Another day of falling stocks in Spain and Italy as bond yields rise, and it gets tiring to say the same thing over and over again. So I'll steal a point I saw someone make on Twitter. Several months ago, the European Central Bank cobbled together a can-kicking scheme that sort of patched the Eurozone debt crisis together. The return of the acute phase of the crisis has corresponded almost precisely with increased chatter out of Frankfurt about the need to start devising an exit strategy.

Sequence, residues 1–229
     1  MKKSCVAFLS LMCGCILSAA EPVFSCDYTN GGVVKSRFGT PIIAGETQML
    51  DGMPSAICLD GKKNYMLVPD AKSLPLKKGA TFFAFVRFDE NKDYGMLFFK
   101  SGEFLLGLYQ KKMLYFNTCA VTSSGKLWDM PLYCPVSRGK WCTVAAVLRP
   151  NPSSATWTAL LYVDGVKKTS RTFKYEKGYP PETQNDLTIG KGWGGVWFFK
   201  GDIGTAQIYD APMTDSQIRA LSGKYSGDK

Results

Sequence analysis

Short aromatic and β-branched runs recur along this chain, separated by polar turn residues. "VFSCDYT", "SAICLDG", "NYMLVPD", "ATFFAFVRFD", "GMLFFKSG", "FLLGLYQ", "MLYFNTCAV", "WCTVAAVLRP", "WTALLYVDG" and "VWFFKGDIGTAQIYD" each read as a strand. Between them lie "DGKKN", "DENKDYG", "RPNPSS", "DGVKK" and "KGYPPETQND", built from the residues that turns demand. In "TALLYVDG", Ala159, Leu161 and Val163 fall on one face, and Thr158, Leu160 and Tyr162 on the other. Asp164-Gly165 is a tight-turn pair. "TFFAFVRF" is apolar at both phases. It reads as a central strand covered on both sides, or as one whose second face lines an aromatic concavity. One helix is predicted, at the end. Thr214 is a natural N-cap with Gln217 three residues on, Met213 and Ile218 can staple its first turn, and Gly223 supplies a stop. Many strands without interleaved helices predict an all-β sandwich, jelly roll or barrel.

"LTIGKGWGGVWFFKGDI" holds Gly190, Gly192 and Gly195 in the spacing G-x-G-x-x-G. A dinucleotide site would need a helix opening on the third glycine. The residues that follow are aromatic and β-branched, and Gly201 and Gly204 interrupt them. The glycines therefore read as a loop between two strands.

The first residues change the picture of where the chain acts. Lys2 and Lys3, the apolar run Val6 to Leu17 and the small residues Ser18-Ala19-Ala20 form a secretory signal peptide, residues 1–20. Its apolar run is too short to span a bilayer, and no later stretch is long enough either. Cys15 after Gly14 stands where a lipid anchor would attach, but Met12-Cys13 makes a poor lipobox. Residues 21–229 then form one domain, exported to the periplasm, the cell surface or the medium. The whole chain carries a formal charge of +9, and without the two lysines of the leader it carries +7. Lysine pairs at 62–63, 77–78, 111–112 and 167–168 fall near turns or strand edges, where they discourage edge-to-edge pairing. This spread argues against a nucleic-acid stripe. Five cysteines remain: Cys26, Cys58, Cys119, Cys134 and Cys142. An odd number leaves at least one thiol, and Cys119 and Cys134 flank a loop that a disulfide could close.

That's all because the can-kicking scheme didn't really solve anything. Which is fine as far as it goes. But the moral of the story is that when all you do is kick the can down the road you have to remember that that's all you did and not start prematurely patting yourself on the back and talking about exit strategies. There's nothing wrong with "desperate play to buy more time" as a crisis-management strategy, but once you've bought more time you need to go back to working on the fundamentals and until you're done there is no exit strategy. The fundamental problems with the European economic structure are incredibly profound and difficult to overcome. Making any progress at all is hard, but absent some random good luck from elsewhere in the world there can be no exit until substantial progress is made.